The retrieval of nearly complete 16S rRNA genes before assembly has allowed us to detect the presence of a novel and a likely endemic group of Ca. Patescibacteria inhabiting bathypelagic Lake Baikal. This novel group seems to possess extremely high intra-clade diversity, precluding complete genomes' assembly. However, read binning and scaffolding indicate that these microbes are similar to other Ca. Patescibacteria (i.e. parasites or symbionts), although they seem to carry more anabolic pathways, likely reflecting the extremely oligotrophic habitat they inhabit. The novel bins have not been found anywhere, but one of the groups appears in small amounts in an oligotrophic and deep alpine Lake Thun. We propose this novel group be named Baikalibacteria.
The recovery of 16S rRNA genes via long-read metagenomics plus the use of long-read binning to uncover highly diverse “hidden” groups of prokaryotes are key strategies to move forward in ecogenomic microbiology. The novel group possesses enormous intraclade diversity akin to what happens with Ca. Patescibacteria at the interclade level, which is remarkable in an environment that has changed little in the last 25 million years.
Cable bacteria are centimeters-long filamentous bacteria that oxidize sulfide in anoxic sediment layers and reduce oxygen at the oxic-anoxic interface, connecting these reactions via electron transport. The ubiquitous cable bacteria have a major impact on sediment geochemistry and microbial communities. This includes diverse bacteria swimming around cable bacteria as dense flocks in the anoxic zone, where the cable bacteria act as chemotactic attractant. We hypothesized that flocking only appears when cable bacteria are highly abundant and active. We set out to discern the timing and drivers of flocking over 81 days in an enrichment culture of the freshwater cable bacterium Candidatus Electronema aureum GS by measuring sediment microprofiles of pH, oxygen, and electric potential as a proxy of cable bacteria activity. Cable bacterial relative abundance was quantified by 16S rRNA amplicon sequencing, and microscopy observations to determine presence of flocking. Flocking was always observed at some cable bacteria, irrespective of overall cable bacteria rRNA abundance, activity, or sediment pH. Diverse cell morphologies of flockers were observed, suggesting that flocking is not restricted to a specific, single bacterial associate. This, coupled with their consistent presence supports a common mechanism of interaction, likely interspecies electron transfer via electron shuttles. Flocking appears exclusively linked to the electron conducting activity of the individual cable bacteria.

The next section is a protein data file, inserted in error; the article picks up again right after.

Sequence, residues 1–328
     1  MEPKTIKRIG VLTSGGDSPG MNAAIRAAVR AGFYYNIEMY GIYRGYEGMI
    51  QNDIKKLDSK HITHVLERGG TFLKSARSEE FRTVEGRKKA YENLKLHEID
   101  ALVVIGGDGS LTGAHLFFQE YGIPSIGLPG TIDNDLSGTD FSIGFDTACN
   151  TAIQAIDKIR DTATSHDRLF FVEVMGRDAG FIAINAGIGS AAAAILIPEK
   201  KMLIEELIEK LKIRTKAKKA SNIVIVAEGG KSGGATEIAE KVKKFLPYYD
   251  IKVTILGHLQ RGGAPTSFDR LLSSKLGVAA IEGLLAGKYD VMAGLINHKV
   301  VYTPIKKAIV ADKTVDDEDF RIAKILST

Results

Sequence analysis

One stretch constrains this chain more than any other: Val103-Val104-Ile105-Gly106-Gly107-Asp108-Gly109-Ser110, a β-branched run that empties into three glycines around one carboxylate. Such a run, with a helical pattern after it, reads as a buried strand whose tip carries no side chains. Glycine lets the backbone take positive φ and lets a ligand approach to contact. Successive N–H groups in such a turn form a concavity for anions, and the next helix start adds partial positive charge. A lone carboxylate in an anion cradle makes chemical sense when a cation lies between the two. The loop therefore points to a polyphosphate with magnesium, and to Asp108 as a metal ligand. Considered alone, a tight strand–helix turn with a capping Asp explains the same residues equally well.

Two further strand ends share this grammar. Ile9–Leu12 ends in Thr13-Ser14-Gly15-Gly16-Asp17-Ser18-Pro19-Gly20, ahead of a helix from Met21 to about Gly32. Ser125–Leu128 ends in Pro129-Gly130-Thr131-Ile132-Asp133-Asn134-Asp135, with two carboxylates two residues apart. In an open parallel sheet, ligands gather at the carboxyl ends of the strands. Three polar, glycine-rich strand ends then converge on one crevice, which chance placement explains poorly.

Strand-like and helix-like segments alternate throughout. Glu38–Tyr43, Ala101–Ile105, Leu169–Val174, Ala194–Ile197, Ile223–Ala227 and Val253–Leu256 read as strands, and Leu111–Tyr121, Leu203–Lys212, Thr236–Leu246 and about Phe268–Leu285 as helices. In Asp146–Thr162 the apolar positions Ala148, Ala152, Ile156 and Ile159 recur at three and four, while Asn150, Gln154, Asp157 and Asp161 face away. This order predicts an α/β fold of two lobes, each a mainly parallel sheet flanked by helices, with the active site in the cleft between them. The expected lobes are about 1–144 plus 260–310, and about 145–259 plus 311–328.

Terrestrial hydrothermal springs and aquifers are excellent sites to study microbial biogeography because of their high physicochemical heterogeneity across relatively limited geographic regions. In this study, we performed 16S rRNA gene sequencing and metagenomic analyses of the microbial diversity of 11 different geothermal aquifers and springs across the tectonically active Biga Peninsula (Turkey). Across geothermal settings ranging in temperature from 43 to 79°C, one of the most highly represented groups in both 16S rRNA gene and metagenomic datasets was affiliated with the uncultivated phylum “Candidatus Bipolaricaulota” (former “Ca. Acetothermia” and OP1 division). The highest relative abundance of “Ca. Bipolaricaulota” was observed in a 68°C geothermal brine sediment, where it dominated the microbial community, representing 91% of all detectable 16S rRNA genes. Correlation analysis of “Ca. Bipolaricaulota” operational taxonomic units (OTUs) with physicochemical parameters indicated that salinity was the strongest environmental factor measured associated with the distribution of this novel group in geothermal fluids. Correspondingly, analysis of 23 metagenome-assembled genomes (MAGs) revealed two distinct groups of “Ca. Bipolaricaulota” MAGs based on the differences in carbon metabolism: one group encoding the bacterial Wood-Ljungdahl pathway (WLP) for H2 dependent CO2 fixation is selected for at lower salinities, and a second heterotrophic clade that lacks the WLP that was selected for under hypersaline conditions in the geothermal brine sediment. In conclusion, our results highlight that the biogeography of “Ca. Bipolaricaulota” taxa is strongly correlated with salinity in hydrothermal ecosystems, which coincides with key differences in carbon acquisition strategies. The exceptionally high relative abundance of apparently heterotrophic representatives of this novel candidate Phylum in geothermal brine sediment observed here may help to guide future enrichment experiments to obtain representatives in pure culture.